The cationic membrane allows positively-charged calcium and potassium to pass through, while the anionic membrane allows negatively-charged tartaric acid ions to be removed. As depicted below, one chamber holds wine, while another contains a solution of potassium and calcium ions. Water flows through the second chamber, creating a brine solution made up of the potassium and calcium ions, as illustrated by Wollan (2010) (Figure 1).

There are several advantages in the use of electrodialysis, including the following (Wollan, 2010):

  • More energy efficient than conventional stabilization. For example, compared to conventional cold stabilization, a reduction from 1200 watt-hours/g to 7.9 watt-hours/g (Fok, 2009).
  • Reduction in processing time by as much as 97%.
  • Components are not changed as compared with conventional cold stabilization or contact seeding.  Thus, there is little impact on titratable acidity (tartaric and malic acids) and, therefore, pH.
  • Potassium bitartrate and calcium tartrate salts are removed from solution.
  • Portable systems will soon be available

The major disadvantage is that this process uses a significant quantity of water.

iv. Addition compounds, including CMC. Additional compounds, such as carboxymethyl cellulose (CMC) may be alternatives to contact seeding, electrodialysis, and other wine additives, including mannoproteins and metatartaric acid, at least for some wines (Zoecklein et al., 1999).

CMC is produced by reacting cellulose and choroacetic acid under alkaline conditions. CMCs function in wine in a similar manner to mannoproteins by physically inhibiting nucleation and crystal growth, by acting on the face of a growing crystal and restricting further growth.

There are a number of different CMCs on the market; the variables include the polymer length and side-group substitution. The length governs viscosity, while the number of glucose side groups impacts solubility, which impacts effectiveness.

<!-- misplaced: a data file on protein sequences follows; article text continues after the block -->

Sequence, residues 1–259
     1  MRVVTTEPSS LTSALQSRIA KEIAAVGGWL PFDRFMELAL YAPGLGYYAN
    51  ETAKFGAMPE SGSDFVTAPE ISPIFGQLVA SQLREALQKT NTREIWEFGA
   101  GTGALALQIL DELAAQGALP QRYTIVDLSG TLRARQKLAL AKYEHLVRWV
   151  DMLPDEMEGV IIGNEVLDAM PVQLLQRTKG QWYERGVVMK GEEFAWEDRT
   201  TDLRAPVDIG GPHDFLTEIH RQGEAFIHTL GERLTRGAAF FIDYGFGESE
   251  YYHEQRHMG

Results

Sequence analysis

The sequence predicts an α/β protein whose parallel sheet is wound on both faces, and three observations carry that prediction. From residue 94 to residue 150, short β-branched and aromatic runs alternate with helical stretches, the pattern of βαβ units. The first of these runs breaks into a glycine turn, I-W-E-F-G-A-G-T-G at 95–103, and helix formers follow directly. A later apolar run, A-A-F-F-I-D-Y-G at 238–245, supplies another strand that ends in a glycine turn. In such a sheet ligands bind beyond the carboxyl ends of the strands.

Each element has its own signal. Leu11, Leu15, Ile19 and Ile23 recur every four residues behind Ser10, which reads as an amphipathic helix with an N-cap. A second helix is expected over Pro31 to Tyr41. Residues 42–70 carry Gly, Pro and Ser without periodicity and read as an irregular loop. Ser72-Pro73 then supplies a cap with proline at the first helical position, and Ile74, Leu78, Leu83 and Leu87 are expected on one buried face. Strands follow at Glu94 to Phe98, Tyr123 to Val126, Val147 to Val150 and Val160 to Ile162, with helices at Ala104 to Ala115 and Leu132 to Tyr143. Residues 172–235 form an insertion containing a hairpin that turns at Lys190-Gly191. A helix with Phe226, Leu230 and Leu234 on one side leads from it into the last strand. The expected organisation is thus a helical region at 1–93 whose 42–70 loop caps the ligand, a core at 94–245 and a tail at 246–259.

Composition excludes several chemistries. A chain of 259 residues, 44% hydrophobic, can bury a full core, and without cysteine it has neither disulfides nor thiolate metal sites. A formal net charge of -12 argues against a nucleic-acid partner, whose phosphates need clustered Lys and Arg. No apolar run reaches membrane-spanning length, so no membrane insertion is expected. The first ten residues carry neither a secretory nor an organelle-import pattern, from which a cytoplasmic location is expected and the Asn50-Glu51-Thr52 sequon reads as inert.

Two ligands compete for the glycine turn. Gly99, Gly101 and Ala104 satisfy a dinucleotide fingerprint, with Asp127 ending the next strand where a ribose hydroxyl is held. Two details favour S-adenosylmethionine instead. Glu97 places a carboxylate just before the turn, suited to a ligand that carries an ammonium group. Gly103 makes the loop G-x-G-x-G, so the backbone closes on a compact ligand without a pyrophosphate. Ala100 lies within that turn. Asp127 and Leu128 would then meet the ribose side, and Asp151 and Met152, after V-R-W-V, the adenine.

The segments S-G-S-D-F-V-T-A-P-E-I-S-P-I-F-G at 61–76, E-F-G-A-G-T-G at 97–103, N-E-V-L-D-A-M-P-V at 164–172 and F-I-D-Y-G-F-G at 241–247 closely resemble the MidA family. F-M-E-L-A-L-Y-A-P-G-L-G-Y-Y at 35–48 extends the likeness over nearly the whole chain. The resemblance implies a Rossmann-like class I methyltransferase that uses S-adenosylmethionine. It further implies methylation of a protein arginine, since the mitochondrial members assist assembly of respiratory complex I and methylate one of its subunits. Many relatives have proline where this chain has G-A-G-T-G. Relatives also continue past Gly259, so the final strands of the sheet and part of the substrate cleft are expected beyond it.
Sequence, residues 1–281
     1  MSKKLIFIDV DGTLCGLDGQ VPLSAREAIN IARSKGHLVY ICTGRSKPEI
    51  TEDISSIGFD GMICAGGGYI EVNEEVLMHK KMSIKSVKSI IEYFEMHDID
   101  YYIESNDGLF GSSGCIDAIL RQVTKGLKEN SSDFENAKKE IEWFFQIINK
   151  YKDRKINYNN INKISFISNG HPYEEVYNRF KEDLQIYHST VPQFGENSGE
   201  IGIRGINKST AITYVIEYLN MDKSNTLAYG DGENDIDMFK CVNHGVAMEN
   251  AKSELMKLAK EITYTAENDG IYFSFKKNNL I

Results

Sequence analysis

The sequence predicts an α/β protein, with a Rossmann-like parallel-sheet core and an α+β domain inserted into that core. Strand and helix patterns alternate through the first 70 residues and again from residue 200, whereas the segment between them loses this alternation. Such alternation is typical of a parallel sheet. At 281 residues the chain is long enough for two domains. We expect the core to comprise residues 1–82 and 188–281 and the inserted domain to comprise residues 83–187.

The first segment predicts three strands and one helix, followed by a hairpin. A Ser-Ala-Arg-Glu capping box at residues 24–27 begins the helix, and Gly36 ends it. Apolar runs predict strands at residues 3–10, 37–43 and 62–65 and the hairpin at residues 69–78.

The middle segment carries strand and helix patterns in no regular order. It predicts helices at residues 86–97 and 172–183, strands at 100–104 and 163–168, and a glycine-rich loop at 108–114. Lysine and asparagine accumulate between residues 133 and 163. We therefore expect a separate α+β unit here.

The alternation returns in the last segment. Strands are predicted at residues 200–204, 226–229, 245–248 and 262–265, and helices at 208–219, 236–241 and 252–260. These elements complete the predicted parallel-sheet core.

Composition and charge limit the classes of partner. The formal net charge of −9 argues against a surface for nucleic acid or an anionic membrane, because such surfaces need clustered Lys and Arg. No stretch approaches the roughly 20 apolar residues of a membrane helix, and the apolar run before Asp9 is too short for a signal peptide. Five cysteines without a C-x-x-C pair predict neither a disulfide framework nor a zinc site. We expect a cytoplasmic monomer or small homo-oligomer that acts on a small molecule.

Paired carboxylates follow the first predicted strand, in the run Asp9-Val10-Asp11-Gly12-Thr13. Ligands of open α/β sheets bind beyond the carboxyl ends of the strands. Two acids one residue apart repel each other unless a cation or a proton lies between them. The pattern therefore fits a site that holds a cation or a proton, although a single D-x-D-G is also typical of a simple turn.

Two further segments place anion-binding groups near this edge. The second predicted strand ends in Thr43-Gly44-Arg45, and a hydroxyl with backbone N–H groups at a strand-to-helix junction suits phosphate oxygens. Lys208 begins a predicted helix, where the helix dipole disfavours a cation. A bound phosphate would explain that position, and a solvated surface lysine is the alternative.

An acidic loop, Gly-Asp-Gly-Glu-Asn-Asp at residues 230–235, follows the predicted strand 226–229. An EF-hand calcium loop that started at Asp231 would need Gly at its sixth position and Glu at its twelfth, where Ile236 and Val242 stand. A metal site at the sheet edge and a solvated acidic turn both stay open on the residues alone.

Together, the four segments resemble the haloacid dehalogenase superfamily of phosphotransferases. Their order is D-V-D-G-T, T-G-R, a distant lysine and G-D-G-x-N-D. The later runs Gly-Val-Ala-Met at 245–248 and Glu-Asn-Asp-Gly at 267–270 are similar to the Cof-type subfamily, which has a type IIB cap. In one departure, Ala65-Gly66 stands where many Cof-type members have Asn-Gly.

Some advantages to the use of CMC may include the following (Bowyer et al., 2010):

  • Unlike conventional cold stabilization, addition products such as CMC do not result in modification of pH, TA or other sensory characteristics
  • Lower energy costs due to the elimination of refrigeration
  • Suitable for relatively-unstable wines in contrast to mannoproteins

Some disadvantages to the use of CMC include the following:

  • It is not a natural product
  • Wines must be bottle ready; no subsequent physiochemical modifications can occur, including blending, acid addition, de-acidification, etc.
  • Not recommended for reds and some rosés
  • CMCs interact with proteins; wines must be protein stable and not contain lysozyme
  • Can have dramatic effect on filterability; it is recommended not to filter wine within 24-48 hours post-addition

f. Simple, Practical, Winery Energy Conservation Steps. The reasons for energy efficiency are numerous, and include monetary savings, lower environmental impact, enhanced equipment longevity, optimizations of winery systems, and marketing and promotional benefits. The following suggestions are adapted from the WIES Program (Wine Industry Efficiency Solutions), presented at the California Sustainable Winegrowing Alliance meeting in 2010: